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Feature: Boot camp

In an age dominated by consumerism, one of the most powerful spending groups to have emerged in recent years is the under 13s. Marketing teams are desperate to influence this most fickle age range, whose parents seem equally desperate to ensure that their children are fully kitted out in with the latest fashions so that they can secure their place towards the top of the playground pecking order.

Inevitably, with this spending frenzy comes unnecessary waste as clothes are either rejected out of hand or discarded after having only been worn a handful of times. This doesn’t bode well in terms of building a sustainable society as good intentions are often outweighed by ingrained overspending.

But by going into schools and encouraging children to think about the waste that they are producing, east London-based textile recycler LMB is seeing real results in the way that the students have understood and are now practising the recycling message.

“It is unbelievable what people throw away,” says LMB’s education co-ordinator Michelle Barry. “We have a social responsibility to work with children and try to encourage them not to get caught up in this consumer craziness. With cheaper imports, people are throwing things away more readily and we are receiving clothes that still have the tags on and shoes that have hardly been worn.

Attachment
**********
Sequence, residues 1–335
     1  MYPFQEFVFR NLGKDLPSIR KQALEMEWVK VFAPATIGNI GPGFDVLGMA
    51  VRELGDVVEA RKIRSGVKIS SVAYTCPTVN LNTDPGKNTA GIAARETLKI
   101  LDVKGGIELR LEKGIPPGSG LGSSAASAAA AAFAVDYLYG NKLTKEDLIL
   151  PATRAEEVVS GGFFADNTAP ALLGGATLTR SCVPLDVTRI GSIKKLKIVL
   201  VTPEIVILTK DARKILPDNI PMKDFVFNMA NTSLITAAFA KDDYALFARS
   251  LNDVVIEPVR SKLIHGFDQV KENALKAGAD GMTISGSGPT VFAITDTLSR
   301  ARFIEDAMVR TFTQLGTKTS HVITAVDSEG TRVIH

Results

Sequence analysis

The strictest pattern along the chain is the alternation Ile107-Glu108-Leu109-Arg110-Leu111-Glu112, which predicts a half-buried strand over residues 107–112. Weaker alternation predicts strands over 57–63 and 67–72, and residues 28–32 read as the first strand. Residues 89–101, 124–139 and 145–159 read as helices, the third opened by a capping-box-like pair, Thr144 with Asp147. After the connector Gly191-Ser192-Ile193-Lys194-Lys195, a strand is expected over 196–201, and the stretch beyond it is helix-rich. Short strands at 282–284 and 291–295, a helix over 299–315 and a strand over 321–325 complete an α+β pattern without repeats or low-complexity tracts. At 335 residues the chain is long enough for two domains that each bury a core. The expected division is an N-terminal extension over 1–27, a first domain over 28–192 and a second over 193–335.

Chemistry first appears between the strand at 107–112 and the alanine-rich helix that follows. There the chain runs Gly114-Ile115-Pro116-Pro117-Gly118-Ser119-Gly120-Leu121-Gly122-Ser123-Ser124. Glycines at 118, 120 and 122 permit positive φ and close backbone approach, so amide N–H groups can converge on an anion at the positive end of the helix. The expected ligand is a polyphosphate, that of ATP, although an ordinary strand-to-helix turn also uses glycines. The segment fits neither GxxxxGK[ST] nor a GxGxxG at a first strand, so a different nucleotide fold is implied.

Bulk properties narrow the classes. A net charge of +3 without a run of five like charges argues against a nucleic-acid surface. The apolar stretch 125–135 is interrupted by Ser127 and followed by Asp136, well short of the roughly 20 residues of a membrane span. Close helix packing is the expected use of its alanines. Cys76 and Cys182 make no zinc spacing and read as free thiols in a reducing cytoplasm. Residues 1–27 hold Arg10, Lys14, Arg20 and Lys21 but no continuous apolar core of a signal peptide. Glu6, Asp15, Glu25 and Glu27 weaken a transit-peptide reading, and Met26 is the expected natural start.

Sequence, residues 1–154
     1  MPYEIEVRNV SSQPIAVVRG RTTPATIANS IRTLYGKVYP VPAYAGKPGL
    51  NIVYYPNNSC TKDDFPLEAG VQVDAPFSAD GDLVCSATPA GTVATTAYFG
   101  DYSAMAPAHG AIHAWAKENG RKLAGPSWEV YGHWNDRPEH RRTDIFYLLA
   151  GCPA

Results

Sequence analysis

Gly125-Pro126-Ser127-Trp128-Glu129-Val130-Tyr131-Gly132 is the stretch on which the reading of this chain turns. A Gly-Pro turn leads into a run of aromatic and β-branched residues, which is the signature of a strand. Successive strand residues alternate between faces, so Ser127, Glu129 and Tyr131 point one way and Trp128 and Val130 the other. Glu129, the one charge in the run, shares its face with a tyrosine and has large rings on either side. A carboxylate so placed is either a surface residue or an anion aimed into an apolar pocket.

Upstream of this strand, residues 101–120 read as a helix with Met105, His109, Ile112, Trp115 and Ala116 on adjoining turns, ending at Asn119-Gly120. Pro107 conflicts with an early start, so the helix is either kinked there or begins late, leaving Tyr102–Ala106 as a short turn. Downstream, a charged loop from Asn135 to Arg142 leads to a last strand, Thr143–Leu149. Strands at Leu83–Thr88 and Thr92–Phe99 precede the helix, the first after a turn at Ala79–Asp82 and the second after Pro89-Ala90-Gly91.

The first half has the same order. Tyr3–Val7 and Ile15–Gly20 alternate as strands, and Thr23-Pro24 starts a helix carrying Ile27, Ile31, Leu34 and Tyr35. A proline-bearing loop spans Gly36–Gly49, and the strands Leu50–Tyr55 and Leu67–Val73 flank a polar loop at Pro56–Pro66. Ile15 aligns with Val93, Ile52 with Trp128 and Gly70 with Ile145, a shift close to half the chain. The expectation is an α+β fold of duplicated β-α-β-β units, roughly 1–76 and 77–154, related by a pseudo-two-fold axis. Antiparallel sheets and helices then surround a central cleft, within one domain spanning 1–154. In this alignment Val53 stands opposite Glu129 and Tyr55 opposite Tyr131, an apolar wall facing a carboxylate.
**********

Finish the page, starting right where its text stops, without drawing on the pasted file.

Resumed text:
“During the past few years, you can see how things have changed. People used to make their clothes last so the items that we received were of a high quality, but more out of fashion.”

As creator of the Shoe Friends project, LMB has been working with primary schools in the Greater London, Essex and Kent areas for some time. The scheme was devised as the company found ever increasing numbers of single shoes turning up at its factory. By partnering with schools, the company provided collection facilities and gave assemblies explaining that if shoes were properly paired they could be reused.

“Around two million pairs of shoes are thrown away each week,” continues Barry. “We are teaching children that what they consider to be waste is someone else’s necessity and someone else’s business. The schools are paid for the collections, the local authorities get the recycling credits, and then people in developing countries benefit from the clothes and shoes and the work that they provide.”

On the strength of the positive response that the project generated, the company has recently expanded the work it is doing by creating a new department called LMB Education and hiring four new team members to go out to schools and introduce the Shoe Friends and Clothes Collectors schemes.

“Things have changed dramatically from it just being me on my own going out and giving assemblies, to now having a team who go out repping in different areas,” says Barry. “The response we get is excellent. We are now going into schools and giving check presentations, and the children tell us how they have managed to persuade their parents to recycle at home.”

The education boost has co-incided with the company’s re-designed website, which includes a virtual tour of the factory and a recycling game.

However, LMB’s involvement with education has not stopped in this country. In 2004 LMB and Shoe Friends, working in conjunction with Ugandan-based charity Soft Power Educat

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